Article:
First look: Chef’s Habitat puts automation in the app

By packaging configuration and runtime requirements with the app, Habitat decouples automation from the infrastructure

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Deploying new software to production can be hard -- really hard. If you’re among the many businesses adopting new infrastructure and deployment technology today, you’re keenly aware of how difficult it can be. Even as you adopt modern devops tools to streamline development, test, deployment, and ongoing management, and to bring development and operations teams closer together, it often seems you're only creating new silos.

The fundamental problem is that all of the information critical to each application’s lifecycle -- build dependencies, runtime dependencies, configuration settings -- remain scattered across separate tools devoted to separate stages of the application lifecycle. An open source project called Habitat, from the people who brought us Chef, promises a better way, one that cuts across all of these silos.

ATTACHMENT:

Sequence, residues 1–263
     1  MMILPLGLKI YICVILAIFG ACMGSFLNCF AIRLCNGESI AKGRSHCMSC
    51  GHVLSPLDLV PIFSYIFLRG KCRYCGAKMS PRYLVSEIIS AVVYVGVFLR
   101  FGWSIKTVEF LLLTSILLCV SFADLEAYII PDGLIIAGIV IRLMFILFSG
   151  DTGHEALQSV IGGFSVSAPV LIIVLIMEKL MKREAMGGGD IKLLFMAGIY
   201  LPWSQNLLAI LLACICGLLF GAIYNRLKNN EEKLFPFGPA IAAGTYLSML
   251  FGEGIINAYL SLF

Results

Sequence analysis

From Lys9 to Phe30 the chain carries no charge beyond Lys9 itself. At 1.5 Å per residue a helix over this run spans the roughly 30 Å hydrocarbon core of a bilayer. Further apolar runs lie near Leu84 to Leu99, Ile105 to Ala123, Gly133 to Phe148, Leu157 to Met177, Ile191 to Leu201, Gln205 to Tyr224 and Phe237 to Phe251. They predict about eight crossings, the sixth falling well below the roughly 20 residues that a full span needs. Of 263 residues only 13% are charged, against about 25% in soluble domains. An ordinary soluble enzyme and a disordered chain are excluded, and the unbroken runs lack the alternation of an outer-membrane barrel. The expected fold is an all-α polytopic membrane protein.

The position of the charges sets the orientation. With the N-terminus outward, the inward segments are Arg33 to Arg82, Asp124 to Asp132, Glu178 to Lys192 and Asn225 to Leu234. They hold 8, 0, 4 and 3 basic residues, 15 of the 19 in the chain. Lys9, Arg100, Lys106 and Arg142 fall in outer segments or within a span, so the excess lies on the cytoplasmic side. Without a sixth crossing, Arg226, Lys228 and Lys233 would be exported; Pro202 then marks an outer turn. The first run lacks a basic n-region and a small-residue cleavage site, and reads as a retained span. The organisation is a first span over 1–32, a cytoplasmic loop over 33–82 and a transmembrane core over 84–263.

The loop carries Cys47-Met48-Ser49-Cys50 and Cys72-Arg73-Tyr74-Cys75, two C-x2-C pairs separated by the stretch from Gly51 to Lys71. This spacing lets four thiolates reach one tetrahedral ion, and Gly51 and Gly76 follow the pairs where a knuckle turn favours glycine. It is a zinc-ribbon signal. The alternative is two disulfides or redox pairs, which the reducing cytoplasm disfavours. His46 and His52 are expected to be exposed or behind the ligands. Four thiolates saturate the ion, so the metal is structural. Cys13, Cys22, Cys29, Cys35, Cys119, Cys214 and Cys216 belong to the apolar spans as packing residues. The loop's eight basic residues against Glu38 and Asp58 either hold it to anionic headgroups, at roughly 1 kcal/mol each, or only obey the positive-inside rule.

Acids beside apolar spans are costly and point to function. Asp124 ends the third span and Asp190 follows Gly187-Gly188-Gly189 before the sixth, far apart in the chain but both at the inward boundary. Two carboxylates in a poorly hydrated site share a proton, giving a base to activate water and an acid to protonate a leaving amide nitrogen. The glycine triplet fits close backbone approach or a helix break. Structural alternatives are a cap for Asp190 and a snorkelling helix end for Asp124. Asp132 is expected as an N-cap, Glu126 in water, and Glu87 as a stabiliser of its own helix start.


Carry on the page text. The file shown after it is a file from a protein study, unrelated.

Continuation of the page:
Habitat is a set of build and runtime tools that bring all of the information for configuring and running an application -- that is, all of the knowledge about how the application is supposed to behave -- into the application itself. Among other things, Habitat empowers developers to define configurations, lifecycle hooks, update strategies, clustering strategies, and service discovery for the applications they work on; all of this information travels with the application.

It’s an approach that effectively shifts what would normally be last-mile deployment problems to the beginning of the development lifecycle. It also decentralizes knowledge of how applications run. Applications essentially become self-aware, self-sustaining instances or communities of interdependent services, instead of blind followers of centralized sources of truth.

Habitat achieves this by providing a mechanism for defining application behavior, as well as providing a packaging strategy that runs the application along with a supervisor that coordinates that behavior. The supervisor process that is co-located with your service will join a ring of other supervisors and begin to gossip about the state of the services. Armed with the information you provided about how an application should behave at runtime, the supervisor can communicate the application’s needs to other supervisors and make changes to the running application based on new information coming in.

For example, if an application defined by Habitat relies on a database that is also deployed from a Habitat package, the supervisor of the application will gather information about the database from other supervisors and provide location details to the application when it comes online. 

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